Alastair Oswald is investigating "A sense of place: sensory perceptions of Neolithic causewayed enclosures in their landscape contexts"and notes : "The observation that many causewayed enclosures ‘tilt’ across the contours, with the result that their viewsheds are restricted by higher ground, was first made by Isobel Smith more than forty years ago (Smith 1971, 92). Smith interpreted this phenomenon as evidence that each monument was designed to be intervisible with a specific lower-lying area, perhaps equating to a 'territory' exploited by its builders. Despite a subsequent increase in the number of known upland sites, the observation still holds good for many, so Smith’s inference has been amplified (Oswald et al. 2001, 91-102) and is now accepted by key authorities (Healy 2004, 31; Mercer 2009, 766; Whittle et al 2011, 12)."
I have Anquet's OMN on my system which allows me to plot route elevations, which give sightlines and it seemed that at the very flat summit of Milk Hill there was a possibility to find a place where all four were visible, though Robin Hoods Ball being 18 km away the visibility of it may be considered more theoretical to the naked eye.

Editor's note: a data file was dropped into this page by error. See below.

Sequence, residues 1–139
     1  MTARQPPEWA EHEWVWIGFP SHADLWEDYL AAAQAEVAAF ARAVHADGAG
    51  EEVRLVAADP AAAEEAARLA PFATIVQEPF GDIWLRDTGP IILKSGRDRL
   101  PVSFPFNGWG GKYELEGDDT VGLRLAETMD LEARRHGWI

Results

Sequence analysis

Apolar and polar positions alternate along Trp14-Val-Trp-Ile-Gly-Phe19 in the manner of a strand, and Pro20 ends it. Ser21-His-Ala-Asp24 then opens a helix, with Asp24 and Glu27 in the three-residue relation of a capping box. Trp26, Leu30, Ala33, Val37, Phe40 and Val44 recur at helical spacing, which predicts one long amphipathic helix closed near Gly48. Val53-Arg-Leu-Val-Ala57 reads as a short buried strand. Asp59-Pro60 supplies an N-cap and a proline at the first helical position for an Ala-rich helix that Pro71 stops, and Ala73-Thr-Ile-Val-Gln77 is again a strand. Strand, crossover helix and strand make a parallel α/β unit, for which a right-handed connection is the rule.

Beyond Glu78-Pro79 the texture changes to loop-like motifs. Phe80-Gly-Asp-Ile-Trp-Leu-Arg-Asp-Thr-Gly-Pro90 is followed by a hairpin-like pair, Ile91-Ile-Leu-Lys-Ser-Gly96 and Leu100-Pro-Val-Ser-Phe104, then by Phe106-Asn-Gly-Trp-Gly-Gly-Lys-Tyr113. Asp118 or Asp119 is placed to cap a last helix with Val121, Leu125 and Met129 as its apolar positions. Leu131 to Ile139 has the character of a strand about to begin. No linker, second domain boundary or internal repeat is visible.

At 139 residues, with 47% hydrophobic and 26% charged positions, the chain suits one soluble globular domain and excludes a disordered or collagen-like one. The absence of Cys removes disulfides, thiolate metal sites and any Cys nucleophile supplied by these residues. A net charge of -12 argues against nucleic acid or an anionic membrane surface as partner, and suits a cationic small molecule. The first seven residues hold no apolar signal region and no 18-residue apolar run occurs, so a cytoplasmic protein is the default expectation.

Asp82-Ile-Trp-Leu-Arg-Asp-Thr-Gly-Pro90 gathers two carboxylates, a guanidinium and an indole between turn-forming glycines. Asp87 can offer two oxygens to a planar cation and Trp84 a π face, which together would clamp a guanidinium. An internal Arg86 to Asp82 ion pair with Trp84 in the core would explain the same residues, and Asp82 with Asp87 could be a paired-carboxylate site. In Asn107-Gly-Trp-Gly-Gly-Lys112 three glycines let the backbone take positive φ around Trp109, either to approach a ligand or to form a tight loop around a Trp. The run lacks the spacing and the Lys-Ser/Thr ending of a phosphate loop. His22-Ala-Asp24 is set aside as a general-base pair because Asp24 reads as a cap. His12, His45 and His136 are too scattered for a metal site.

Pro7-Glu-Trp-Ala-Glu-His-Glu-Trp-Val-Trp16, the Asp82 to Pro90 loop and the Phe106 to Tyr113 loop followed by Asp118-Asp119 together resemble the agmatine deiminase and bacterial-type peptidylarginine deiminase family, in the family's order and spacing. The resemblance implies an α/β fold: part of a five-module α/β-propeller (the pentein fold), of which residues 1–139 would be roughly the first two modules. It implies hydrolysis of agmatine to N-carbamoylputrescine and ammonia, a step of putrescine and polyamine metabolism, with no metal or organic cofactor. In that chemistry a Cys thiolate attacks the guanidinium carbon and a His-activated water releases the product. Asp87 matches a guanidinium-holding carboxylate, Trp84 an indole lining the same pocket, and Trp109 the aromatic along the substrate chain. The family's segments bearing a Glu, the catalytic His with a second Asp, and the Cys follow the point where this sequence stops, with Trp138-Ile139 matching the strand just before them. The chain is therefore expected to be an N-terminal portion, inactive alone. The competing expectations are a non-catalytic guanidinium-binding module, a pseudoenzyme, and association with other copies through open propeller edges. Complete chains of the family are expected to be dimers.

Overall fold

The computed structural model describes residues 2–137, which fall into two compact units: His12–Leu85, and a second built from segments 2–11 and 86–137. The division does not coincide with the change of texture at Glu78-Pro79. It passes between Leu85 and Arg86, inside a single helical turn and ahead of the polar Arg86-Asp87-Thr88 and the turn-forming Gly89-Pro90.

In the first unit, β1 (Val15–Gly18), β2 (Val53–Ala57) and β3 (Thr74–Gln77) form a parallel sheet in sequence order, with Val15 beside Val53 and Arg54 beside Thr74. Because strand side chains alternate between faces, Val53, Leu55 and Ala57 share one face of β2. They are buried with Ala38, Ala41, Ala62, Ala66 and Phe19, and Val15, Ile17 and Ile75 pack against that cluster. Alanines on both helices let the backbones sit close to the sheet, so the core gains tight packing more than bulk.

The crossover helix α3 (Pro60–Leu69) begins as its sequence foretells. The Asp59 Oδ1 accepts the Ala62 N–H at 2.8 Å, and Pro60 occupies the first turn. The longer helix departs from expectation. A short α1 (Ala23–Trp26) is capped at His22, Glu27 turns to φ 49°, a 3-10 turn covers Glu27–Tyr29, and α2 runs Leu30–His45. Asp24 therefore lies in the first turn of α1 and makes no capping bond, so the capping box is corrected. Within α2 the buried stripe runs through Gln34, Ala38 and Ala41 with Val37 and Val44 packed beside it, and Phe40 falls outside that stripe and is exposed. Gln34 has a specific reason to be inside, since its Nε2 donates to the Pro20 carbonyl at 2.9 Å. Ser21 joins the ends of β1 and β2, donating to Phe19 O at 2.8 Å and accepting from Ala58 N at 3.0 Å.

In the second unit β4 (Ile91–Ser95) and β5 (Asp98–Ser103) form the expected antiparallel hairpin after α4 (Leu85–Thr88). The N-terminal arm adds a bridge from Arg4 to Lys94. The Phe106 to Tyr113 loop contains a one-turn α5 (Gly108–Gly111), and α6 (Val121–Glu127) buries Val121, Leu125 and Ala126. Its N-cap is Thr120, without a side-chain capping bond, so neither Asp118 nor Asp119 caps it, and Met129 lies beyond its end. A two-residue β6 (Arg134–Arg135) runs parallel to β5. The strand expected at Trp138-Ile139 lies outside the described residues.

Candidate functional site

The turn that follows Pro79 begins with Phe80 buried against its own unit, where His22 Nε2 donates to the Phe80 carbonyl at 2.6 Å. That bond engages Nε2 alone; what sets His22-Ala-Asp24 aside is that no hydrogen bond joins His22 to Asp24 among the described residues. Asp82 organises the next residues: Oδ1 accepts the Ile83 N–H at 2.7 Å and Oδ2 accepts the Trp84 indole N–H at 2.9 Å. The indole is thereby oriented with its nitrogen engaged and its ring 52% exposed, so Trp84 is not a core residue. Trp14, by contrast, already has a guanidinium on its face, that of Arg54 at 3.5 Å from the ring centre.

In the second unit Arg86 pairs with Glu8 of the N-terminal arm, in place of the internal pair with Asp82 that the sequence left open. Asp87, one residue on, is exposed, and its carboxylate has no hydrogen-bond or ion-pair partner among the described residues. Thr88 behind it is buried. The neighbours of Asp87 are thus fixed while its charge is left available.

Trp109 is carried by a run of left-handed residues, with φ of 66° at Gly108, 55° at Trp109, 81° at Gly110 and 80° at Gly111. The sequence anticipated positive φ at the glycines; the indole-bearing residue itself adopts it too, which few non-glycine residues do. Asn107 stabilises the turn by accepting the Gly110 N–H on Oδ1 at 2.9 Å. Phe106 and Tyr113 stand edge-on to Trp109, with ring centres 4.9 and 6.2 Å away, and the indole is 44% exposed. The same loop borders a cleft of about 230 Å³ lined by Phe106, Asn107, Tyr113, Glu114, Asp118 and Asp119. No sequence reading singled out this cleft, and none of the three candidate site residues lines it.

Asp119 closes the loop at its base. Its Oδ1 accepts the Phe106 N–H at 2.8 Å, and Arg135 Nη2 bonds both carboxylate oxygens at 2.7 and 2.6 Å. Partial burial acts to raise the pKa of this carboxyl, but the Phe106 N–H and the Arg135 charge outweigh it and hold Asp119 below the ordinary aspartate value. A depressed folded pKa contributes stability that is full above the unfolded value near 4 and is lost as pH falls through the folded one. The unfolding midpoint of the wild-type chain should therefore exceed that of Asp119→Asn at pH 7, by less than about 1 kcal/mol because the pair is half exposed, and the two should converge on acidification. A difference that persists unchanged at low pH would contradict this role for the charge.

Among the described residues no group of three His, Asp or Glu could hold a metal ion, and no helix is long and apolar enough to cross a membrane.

There is, it is a very small area, there is permissive public footpath across the field to the summit so I urge you to find it for yourself, and with the right camera a much better photograph than my panorama may be possible.
(2019 Update) - Since this was first published another causewayed enclosure has been discovered at Larkhill and checking the elevations it appears that it too would have been visible from the same spot. Five causewayed enclosures visible from one place.
Click to enlarge